BY BRIAN L. HUCHEL firstname.lastname@example.org
---- — DANVILLE — A longtime member of the Vermilion County legal community officially became a part of judicial history Monday as Illinois Supreme Court Justice Rita Garman was sworn in as the the second female chief justice of the state’s high court.
A crowd of almost 200 friends, family, legal colleagues and fellow judges packed the fourth-floor courtroom of the Vermilion County Courthouse for a ceremony late Monday morning as Garman officially was sworn in as the newest chief justice of the state supreme court.
The courtroom provided an appropriate backdrop for the ceremony as Garman worked for 12 years as an associate judge in Vermilion County before becoming a circuit judge and presiding judge in the county from 1986-1995. Garman was appointed to the Illinois Supreme Court on Feb. 1, 2001.
Despite having served at every level of the court, Garman acknowledged the idea of a woman entering the legal field as an attorney was not always an accepted idea.
“I can certainly attest from my own career that I couldn’t have dreamed, I couldn’t have dreamed, that I would ever end up as a judge and most certainly not end up as the chief justice of the Illinois Supreme Court,” she said following the morning ceremony.
“When I was a young girl, if went to school and said I want to be a lawyer, people would have thought I was a little strange for making statement like that,” she added. “They just didn’t think that was possible.”
With Monday’s installation ceremony, Garman follows in the footsteps of the late justice Mary Ann G. McMorrow, who served as the first female chief justice from 2002-2005. In addition, Garman’s four decades on the bench make her the second-longest running active official among the state’s 950 active judges.
Among Monday’s speakers was fellow state supreme court Justice Anne M. Burke, who related the hurdles Garman faced as she tried to study law at the University of Iowa.
Burke said Garman was told she would never practice law as an attorney and was attending the Iowa’s College of Law “only to catch a husband.”
Burke described Garman as a “courageous, intellectual woman.”
According to Garman, the court at every level needs to keep the focus on professionalism and civility.
“I think if you keep those issues in the forefront, there will be no barrier to individuals,” she said, adding that barriers based on gender and race are issues that need constant attention.
“We need to always work on that,” she said. “We have to be mindful that there are many that think our system isn’t as fair as it should be and we need to address those issues.”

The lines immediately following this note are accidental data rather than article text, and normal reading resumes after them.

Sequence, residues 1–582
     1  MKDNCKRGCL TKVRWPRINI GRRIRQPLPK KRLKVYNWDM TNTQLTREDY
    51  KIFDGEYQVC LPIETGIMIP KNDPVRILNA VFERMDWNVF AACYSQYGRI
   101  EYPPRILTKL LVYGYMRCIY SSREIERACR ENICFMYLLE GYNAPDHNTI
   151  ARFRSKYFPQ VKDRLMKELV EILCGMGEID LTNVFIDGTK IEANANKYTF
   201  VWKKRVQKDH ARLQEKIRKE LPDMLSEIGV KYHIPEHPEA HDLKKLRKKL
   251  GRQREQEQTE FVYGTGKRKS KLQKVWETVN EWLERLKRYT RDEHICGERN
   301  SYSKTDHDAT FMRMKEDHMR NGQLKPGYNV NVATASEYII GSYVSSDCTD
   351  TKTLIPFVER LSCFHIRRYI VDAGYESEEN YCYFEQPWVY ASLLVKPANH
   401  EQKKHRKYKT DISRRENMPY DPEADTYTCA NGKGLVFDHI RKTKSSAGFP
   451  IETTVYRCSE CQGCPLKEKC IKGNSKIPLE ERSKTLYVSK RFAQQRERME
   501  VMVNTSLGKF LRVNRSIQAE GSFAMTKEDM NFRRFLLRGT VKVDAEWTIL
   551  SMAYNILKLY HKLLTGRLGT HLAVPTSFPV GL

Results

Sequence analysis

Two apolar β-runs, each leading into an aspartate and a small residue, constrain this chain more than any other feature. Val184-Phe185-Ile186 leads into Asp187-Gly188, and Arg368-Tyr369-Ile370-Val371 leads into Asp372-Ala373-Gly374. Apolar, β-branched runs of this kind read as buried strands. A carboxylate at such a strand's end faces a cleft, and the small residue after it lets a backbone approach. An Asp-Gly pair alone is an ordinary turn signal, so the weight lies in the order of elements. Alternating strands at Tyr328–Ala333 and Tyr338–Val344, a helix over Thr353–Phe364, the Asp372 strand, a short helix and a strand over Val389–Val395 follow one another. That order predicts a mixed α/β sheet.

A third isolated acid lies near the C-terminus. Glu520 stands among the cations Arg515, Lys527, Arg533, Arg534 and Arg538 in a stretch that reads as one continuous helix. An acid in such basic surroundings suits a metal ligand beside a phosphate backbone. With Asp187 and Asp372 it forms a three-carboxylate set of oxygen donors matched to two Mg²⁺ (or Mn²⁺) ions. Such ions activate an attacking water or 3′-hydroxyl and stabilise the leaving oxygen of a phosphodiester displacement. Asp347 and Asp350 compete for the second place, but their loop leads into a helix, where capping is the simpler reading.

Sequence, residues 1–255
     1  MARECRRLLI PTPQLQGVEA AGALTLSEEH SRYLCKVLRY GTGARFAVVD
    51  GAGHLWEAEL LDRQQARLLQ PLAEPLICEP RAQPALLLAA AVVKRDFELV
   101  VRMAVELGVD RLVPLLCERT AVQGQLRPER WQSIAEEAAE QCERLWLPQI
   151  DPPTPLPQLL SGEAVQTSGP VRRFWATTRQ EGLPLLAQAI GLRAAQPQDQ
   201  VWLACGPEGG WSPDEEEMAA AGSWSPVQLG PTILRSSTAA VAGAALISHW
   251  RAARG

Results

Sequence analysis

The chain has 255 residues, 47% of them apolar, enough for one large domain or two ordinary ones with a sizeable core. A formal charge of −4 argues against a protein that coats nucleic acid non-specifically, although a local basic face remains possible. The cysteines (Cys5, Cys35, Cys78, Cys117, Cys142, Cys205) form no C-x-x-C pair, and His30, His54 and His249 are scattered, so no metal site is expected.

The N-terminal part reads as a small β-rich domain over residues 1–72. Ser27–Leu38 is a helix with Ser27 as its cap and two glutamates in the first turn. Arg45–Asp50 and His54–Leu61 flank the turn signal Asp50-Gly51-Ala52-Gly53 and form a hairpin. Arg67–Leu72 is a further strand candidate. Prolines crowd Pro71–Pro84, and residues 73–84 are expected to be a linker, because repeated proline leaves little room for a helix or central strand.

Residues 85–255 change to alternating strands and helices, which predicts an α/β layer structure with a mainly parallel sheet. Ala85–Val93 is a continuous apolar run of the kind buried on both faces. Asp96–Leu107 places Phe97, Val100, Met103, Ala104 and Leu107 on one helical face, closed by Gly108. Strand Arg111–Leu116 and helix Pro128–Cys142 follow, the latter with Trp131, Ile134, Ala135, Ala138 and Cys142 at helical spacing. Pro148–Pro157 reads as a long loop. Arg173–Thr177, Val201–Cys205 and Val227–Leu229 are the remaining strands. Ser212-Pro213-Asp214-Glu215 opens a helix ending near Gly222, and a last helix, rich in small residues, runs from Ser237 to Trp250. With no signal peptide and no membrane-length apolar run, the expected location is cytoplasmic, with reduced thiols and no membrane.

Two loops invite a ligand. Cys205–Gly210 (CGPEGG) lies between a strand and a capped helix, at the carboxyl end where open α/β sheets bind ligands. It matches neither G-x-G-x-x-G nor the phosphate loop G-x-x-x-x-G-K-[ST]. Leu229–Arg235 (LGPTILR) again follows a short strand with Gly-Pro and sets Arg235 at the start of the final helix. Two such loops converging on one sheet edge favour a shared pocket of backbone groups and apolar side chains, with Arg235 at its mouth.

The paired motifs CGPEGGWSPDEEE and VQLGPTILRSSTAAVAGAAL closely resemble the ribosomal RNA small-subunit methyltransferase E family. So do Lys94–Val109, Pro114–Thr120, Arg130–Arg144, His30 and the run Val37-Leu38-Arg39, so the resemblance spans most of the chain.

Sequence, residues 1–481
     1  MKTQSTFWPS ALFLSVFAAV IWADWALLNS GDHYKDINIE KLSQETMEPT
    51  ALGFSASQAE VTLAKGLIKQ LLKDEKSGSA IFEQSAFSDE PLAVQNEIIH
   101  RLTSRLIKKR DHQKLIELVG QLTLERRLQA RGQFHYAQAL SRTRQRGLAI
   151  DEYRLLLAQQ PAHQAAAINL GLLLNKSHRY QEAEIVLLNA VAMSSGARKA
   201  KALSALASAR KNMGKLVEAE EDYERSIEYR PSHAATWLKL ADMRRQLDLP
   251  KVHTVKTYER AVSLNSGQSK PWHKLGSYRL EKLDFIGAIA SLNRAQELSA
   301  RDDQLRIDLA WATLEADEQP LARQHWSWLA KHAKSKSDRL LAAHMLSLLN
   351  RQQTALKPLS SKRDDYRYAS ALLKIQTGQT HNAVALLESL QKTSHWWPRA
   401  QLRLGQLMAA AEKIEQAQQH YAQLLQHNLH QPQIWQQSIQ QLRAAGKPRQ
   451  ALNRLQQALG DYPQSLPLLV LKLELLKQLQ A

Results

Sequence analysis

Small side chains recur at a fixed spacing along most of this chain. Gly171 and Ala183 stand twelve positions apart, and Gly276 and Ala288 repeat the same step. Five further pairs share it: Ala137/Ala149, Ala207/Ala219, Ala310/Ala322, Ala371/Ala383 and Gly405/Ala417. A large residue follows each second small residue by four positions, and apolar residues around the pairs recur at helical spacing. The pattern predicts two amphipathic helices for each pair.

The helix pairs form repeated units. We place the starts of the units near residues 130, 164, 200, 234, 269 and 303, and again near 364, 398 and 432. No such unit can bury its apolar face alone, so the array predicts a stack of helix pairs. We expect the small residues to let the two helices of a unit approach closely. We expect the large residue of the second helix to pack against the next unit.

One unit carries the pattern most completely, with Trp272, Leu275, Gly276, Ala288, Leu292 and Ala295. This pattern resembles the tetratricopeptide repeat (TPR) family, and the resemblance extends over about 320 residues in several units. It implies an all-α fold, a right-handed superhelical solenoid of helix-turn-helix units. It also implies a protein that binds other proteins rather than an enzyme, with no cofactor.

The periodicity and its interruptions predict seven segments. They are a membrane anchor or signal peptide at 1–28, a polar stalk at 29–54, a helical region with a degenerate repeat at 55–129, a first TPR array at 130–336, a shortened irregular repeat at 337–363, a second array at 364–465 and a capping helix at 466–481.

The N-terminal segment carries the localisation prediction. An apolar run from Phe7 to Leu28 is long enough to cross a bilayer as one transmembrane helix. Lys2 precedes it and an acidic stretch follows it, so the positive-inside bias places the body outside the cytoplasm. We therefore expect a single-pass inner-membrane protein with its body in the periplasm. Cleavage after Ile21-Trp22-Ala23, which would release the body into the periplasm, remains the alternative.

Garman steps into the position held by Justice Thomas L. Kilbride, who was appointed chief justice in October 2010. Kilbride, who term as chief justice ended on Friday, conducted the actual swearing-in process at the ceremony.
As chief justice, Garman said she wants to continue the initiatives that have put in place, including the priority Kilbride put on technology for the courts.
“ I want to see use move forward so we have technology in every county and every circuit in the state of Illinois so that our system will work and you’ll be able to seamlessly track cases across the system,” she said.
She also stressed moving forward in cutting down the length of time during which cases move through the Illinois judicial system.
“We need to look at the best practices so courts in Illinois are using the most forward-thinking practices in handling all the cases and that we are moving case through the system,” she said. “There is a need to keep all the cases moving in the court system.”
Illinois Supreme Court Justice Mary Jane Theis was the first speaker of Monday’s ceremony, calling one of the most prepared when it comes to hearing cases.
“Rita Garman inspires others to follow her leadership,” she said.
Garman’s beginnings in legal practice began in Vermilion County where she served first as an assistant state’s attorney from 1969-1973. She moved onto private practice with Sebat, Swanson, Banks, Lessen and Garman in 1973. She moved on from Vermilion County Circuit Court to the Fourth District Appellate Court in 1995 before ascending to the Illinois Supreme Court in 2001.
Referring to her experience through her career as cumulative across all levels of the legal system, Garman advised prospective law students to immerse themselves in as many area of law in order to pick their interest.
“You never know where the journey is going to take you,” she said.